There is still a lot of confusion regarding the impact on Medicare beneficiaries from eliminating the Inpatient-Only List.
As recent as last week, an article from The Washington Post titled New cost-cutting Medicare rule may add costs to patients, discussed how this new policy change reduces payments to hospitals and increases costs for all Medicare beneficiaries.
For context, CMS’ Inpatient-Only (IPO) List “specifies those services for which the hospital will be paid only when provided in the inpatient setting because of the nature of the procedure, the underlying physical condition of the patient, or the need for at least 24 hours of postoperative recovery time or monitoring before the patient can be safely discharged.” (76 FR through 74353). Every year, CMS evaluates this List and adds or deletes procedures based on a set of well-established criteria. In fact, in recent years, a few procedures, namely hip and knee replacements were removed from the IPO List.
What is different this time?
CMS finalized a plan to permanently eliminate the IPO List by the end of 2023. The 3-year phased elimination process starts in 2021 with the removal of 266 spine and musculoskeletal procedures. According to CMS, this bold move makes Medicare payment available for more services in different settings, defers to physician judgment, and empowers patients to collaboratively choose the preferred site of service with their physician for these procedures.
Seems reasonable and well-intentioned, right?
So, will this change also come with a higher price tag for all Medicare beneficiaries undergoing IPO List procedures as The Washington Post article implies?
The answer is no. Not ALL Medicare beneficiaries will be impacted by this change or incur higher costs. However, SOME probably will.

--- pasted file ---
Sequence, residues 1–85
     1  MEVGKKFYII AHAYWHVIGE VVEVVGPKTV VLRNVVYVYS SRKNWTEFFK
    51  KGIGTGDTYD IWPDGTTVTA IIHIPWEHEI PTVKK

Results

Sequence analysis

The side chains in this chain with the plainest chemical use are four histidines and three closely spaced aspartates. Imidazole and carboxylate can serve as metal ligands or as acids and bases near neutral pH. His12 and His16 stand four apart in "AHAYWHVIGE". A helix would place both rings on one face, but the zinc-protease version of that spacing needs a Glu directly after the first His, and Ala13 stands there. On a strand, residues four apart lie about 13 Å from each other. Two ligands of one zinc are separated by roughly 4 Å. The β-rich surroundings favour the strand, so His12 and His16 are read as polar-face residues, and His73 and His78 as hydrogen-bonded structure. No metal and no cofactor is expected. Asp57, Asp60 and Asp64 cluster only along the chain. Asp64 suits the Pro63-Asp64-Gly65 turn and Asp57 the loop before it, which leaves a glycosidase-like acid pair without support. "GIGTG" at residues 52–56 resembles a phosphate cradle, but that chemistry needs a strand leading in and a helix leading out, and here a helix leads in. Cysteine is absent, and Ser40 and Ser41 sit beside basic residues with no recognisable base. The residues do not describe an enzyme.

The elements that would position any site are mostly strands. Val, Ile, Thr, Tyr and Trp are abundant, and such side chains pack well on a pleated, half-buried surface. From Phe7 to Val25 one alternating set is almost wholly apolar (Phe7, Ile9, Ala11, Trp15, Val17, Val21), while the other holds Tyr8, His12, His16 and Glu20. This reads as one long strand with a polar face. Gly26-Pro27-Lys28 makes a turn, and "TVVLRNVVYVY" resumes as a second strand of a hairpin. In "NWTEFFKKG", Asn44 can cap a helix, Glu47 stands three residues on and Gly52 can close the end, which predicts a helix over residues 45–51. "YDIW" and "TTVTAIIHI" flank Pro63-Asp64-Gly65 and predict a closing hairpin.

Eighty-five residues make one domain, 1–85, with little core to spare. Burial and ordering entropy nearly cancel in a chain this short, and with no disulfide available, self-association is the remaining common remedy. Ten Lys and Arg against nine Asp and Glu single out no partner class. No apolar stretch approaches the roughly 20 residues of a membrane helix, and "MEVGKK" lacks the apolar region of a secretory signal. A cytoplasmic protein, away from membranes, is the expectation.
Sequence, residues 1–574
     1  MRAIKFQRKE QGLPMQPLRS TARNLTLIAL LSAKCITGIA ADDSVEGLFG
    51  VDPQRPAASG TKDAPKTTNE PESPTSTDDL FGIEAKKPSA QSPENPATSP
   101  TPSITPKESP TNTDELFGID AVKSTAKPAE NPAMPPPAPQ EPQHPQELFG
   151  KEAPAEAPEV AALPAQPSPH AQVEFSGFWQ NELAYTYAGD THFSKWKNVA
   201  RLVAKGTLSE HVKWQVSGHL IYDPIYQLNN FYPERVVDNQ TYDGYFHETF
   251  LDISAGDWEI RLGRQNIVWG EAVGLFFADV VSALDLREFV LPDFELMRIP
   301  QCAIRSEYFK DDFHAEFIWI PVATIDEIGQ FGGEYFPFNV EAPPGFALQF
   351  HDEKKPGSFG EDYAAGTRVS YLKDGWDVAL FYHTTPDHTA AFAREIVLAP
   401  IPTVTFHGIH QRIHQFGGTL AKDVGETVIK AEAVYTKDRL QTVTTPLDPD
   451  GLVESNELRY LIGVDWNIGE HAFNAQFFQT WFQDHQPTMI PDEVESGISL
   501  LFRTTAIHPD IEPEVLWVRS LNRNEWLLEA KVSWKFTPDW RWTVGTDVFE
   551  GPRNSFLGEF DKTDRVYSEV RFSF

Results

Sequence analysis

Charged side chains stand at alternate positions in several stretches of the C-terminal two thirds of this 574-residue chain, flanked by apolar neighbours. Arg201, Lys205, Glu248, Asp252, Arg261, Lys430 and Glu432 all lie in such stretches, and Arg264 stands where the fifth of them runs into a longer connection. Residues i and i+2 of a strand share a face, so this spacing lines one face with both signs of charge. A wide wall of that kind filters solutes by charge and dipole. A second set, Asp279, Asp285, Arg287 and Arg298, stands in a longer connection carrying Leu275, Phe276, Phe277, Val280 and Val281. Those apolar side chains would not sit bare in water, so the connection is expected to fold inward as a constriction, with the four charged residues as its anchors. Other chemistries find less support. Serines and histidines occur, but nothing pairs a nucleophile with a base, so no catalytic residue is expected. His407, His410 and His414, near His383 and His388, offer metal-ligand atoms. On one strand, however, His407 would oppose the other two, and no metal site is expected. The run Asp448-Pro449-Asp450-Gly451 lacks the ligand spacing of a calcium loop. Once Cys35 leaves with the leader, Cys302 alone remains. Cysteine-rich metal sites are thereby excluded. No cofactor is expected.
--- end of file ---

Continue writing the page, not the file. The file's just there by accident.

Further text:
So, how do you know who might be affected?
First, you have to understand that when a procedure is removed from the IPO List, it is not immediately and automatically always an outpatient or ambulatory procedure. There is no such thing as an Outpatient Only List.
Instead, the classification of either inpatient or outpatient is unique to each patient, and it is determined by the physician’s decision of how long a patient is expected to stay in the hospital for medical care.
CMS has given clear guidance to physicians and hospitals that a beneficiary undergoing a procedure not on the Inpatient-Only List should still be statused as an inpatient when the patient is expected to need hospital care across two midnights per the 2-Midnight Rule. As a result, patients who meet the two-midnight stay requirement for inpatient status should not see an increase in cost.
What about the patients who are expected to undergo the same procedures, but their clinical situation is such that they go home the same day or the next day?
These are the patients that could potentially see an impact on their out-of-pocket expenses.
So, how is the beneficiary bill different for the same service at the exact location dependent on whether he/she is considered an inpatient vs. an outpatient?
As you know, Medicare beneficiaries under inpatient status use their Part A benefits which means they are responsible for paying for 20 percent of physicians’ charges and Medicare’s hospital deductible, which, this year, is $1,484 for a stay of up to 60 days.
Medicare beneficiaries under outpatient status are using their Part B benefits which means they are responsible for paying 20 percent of the Medicare-approved rate for each service and 20 percent of physicians’ charges.
The good news is that CMS considered this issue in the new policy and indicated that the beneficiaries’ cost for these procedures would be capped at the inpatient deductible for each service. The bad news is that it is not yet clear what will be considered an individual service in the bill. For example, beyond the operating room charges, will services like imaging, anesthesia, and post-operative physical therapy be considered individual services, each with its own cap, or will they be paid under a comprehensive service with one cap? The answer to that question, which may be different for different procedures, will determine if Medicare beneficiaries should expect more out-of-pocket expenses due to this policy change.
Like most changes, there are benefits, and there are disadvantages. This policy change is no different. For beneficiaries with more options regarding the site of service comes the potential for some of them to have higher costs.
For hospitals, the critical takeaway is that a procedure removed from the IPO List does not mean it is now “outpatient only.” As such, it is imperative that hospitals have the right program in place to status patients appropriately.